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An Overview of Guava

What’s Guava :
1) Extensive suite of common libraries that is used in many Java projects.
2) These utilities relate to: collections, concurrency, primitives, reflection, comparison,
I/O, hashing, networking, strings, math, in-memory caching, in-memory publish/subscribe…
and various basic data types.
3) JDK required is Java 6+.

Before jumping to Guava, we will have brief about Functional Interfaces.
These Functional Interfaces help us to understand Guava better.

Functional Interfaces :
1) Are interfaces defining a single method.
2) Also known as Single Abstract Method (SAM).
3) Provide the basis for Lambda Expressions in Java8.
Cool Fact:
Anywhere you specify one of these interfaces as a method parameter, you’ll be able to pass
a Lambda expression in Java8!
4) Can be thought of as interfaces specifying a callback object

Some Examples on Functional Interface :
These examples are Java 8 functional interfaces.
1) Functional Interface with single method argument.
This method is to check, the given order is new or not.

public interface IOrder {
  public boolean check(Order o);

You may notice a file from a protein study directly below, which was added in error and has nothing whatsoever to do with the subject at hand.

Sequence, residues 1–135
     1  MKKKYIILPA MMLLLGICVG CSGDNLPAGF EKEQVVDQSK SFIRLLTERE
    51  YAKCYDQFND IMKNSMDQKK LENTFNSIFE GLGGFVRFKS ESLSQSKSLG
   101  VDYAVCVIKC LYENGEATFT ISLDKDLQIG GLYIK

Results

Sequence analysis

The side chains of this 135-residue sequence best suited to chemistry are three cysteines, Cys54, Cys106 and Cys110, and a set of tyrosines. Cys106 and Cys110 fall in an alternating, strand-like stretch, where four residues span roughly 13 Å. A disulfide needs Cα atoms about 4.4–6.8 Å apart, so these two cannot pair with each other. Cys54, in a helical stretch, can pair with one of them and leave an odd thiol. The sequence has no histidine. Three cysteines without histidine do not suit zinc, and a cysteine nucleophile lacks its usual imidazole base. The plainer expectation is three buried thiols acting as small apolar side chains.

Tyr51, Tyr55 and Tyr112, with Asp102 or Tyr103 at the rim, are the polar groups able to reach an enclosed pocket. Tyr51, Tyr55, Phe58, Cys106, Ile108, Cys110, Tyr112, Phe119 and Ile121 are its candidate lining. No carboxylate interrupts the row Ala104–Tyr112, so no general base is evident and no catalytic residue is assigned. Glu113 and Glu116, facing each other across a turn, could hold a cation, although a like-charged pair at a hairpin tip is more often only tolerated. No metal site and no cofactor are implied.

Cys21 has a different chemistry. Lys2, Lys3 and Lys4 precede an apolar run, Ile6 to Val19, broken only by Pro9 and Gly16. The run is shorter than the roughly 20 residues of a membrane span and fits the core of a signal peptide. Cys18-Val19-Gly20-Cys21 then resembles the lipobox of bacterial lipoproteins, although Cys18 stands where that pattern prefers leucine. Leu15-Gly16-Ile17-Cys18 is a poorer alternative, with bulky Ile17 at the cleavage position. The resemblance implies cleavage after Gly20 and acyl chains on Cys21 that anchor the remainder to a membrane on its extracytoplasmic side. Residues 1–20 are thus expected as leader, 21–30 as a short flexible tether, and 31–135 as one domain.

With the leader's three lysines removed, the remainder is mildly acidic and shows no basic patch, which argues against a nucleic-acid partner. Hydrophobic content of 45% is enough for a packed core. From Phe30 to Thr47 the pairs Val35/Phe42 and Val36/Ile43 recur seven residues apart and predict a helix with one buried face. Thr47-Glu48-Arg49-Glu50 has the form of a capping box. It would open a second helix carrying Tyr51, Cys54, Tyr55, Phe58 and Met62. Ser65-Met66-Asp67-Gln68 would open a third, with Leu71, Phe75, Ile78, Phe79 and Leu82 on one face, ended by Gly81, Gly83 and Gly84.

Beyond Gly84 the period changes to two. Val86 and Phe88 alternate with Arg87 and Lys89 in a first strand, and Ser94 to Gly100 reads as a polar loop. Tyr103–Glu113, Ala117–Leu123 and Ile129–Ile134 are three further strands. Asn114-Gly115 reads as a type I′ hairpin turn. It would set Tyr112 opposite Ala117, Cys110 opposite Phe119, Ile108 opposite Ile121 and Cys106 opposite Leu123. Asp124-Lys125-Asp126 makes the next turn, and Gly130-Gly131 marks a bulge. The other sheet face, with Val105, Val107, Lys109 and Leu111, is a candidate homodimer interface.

We can create lambda expression, to use the above functional interface.

 IOrder newOrder = (Order o) -> o.getStatus().equals("NEW");
IOrder newOrder = (o) -> o.getStatus().equals("NEW"); 

1) Here, the right side of the expression is simply the body of the check method – checking
the status of the passed in Order.
2) The real power of using lambdas comes when you start creating a multitude of them representing
real-world behavioral functions.
3) For example, in addition to what we’ve already seen, here are the lambda expressions for finding
out big Order.

// Lambda for big Order
IOrder bigOrderLambda = (Order o) -> o.getQuantity() > 10000000;
// Lambda that checks if the Order is a new large Order
ITrade issuerBigNewTradeLambda = (o) -> {
    return o.getIssuer().equals("Honda") &&
           o.getQuantity() > 10000000 &&

The Google “Guava” libraries provide several very useful SAMs, all under the “com.google.common.base” package, including the two:
1) Function – specifies a method which accepts a instance of type “T” and returns
an instance of type “R”.
2) Predicate – specifies a method that is passed an instance of type “T” and returns true
or false.
3) Supplier – specifies a method which can return a value.

Please take a look also at the utility method helper classes associated with each of these SAMs:
1) Functions – utility methods operating on Function instances
2) Predicates – utility methods operating on Predicate instances
3) Suppliers – utility methods operating on Supplier instances

Note: the SAMs above were born in Guava, but have pretty much been cloned in Java8,
so any use you make of them now should be easy to port when we move to Java8.

I think you’ll pretty quickly see how these interfaces can be used in a wide variety of cases
to inject and combine reusable building blocks of functionality.

*** Venkat – Happy leaning ****